Karine Jean-Pierre is slated to make history as the first Black woman to become White House press secretary when she replaces Jen Psaki later this month, NPR reports.

Additionally, she will also be the first openly LGBTQ+ person to hold the position as a global press spokesperson for the president and the U.S. government .

"Karine not only brings the experience, talent, and integrity needed for this difficult job, but she will continue to lead the way in communicating about the work of the Biden-Harris Administration on behalf of the American people," President Joe Biden said in a statement. "Jill and I have known and respected Karine for a long time and she will be a strong voice speaking for me and this Administration."

"This is a historic moment, and it's not lost on me," Jean-Pierre said at Thursday's press briefing, appearing with Psaki.

"I understand how important it is for so many people out there, so many different communities, that I stand on their shoulders and I have been throughout my career," she added.

Psaki described Jean-Pierre as her "partner in truth." She went on to add, "One of the first conversations we had when we both found out we were getting these jobs was about how we wanted to build a drama-free, on your best days, workplace where everybody worked hard. Where we, on our best days, were rebuilding trust with the public."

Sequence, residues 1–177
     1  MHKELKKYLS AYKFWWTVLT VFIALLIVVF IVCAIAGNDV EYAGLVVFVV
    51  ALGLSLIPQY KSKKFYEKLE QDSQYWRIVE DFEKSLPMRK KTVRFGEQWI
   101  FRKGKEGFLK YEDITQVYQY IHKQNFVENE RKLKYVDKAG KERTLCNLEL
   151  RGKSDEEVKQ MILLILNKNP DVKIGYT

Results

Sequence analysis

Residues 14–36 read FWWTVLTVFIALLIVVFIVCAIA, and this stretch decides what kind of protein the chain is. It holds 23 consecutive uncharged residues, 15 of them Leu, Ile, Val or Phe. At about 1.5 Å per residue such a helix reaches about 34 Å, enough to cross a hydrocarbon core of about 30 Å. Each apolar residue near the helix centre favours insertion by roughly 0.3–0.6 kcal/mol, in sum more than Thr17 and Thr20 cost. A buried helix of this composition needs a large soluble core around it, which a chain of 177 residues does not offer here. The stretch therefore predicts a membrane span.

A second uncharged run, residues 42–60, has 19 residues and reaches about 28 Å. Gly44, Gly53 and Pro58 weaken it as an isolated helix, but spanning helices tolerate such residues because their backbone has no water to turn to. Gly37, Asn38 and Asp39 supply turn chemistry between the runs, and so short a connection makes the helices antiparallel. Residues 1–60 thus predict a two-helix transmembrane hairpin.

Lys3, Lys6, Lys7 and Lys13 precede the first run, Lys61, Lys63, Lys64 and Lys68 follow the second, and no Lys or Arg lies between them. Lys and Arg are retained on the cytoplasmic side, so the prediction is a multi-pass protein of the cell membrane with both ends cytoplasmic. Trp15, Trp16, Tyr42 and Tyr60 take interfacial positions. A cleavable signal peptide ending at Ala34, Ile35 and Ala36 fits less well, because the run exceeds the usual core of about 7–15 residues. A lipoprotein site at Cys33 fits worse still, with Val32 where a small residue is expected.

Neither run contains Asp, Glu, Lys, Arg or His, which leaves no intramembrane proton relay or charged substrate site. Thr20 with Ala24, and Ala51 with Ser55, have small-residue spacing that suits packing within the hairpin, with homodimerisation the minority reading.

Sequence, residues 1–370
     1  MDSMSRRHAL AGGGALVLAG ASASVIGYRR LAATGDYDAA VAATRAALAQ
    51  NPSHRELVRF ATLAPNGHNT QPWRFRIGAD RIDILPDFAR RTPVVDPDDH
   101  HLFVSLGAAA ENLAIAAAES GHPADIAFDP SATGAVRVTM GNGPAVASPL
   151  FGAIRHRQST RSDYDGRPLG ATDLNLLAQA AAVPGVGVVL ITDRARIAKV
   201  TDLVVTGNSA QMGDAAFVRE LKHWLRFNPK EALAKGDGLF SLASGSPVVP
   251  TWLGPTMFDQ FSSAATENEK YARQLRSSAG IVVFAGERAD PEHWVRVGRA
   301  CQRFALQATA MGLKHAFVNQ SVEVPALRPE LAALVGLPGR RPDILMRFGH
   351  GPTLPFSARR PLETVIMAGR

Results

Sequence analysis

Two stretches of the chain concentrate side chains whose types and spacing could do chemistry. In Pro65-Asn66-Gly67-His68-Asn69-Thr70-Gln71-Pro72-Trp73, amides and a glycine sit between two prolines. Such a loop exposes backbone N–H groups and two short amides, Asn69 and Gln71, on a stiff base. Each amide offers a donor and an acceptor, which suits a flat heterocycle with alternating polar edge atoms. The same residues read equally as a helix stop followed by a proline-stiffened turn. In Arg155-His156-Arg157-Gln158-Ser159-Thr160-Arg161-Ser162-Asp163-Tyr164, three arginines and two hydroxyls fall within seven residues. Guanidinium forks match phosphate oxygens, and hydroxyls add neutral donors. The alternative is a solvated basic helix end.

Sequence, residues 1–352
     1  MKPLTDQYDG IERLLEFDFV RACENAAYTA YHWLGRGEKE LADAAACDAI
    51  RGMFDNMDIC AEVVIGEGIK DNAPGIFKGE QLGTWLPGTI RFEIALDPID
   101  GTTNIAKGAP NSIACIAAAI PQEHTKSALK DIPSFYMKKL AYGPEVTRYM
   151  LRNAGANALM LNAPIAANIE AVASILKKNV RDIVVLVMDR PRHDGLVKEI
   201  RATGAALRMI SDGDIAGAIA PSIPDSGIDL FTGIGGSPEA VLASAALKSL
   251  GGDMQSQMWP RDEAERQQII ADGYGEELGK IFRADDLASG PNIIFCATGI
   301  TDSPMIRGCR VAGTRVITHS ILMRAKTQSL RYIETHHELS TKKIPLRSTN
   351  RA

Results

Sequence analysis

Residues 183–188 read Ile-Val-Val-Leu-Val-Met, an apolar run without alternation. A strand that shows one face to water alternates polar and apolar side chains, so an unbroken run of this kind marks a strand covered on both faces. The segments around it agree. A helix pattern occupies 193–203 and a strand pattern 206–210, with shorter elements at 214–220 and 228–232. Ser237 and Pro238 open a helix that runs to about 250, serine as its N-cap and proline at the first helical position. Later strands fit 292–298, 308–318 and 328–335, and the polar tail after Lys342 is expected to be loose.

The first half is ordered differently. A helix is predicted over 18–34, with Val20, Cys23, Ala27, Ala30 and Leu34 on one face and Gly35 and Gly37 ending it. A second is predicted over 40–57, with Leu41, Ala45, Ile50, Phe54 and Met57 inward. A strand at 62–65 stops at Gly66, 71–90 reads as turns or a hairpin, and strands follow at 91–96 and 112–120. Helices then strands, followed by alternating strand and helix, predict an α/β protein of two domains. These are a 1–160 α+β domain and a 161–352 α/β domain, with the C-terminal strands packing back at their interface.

Born in Martinique and raised in New York, Jean-Pierre is a graduate of Columbia University and boastia a long track record of working with Democratic political campaigns and progressive organizations.

She first worked with Biden as a top communications staffer for MoveOn.org and was a regular contributor on MSNBC. Also, she’s led several White House press briefings when Psaki was out with COVID. In 2012, she was Director for President Obama’s re-election campaign and served as Southeast Regional Political Director for President Obama’s 2008 campaign,

Jean-Pierre is set to begin her tenure as press secretary on May 16.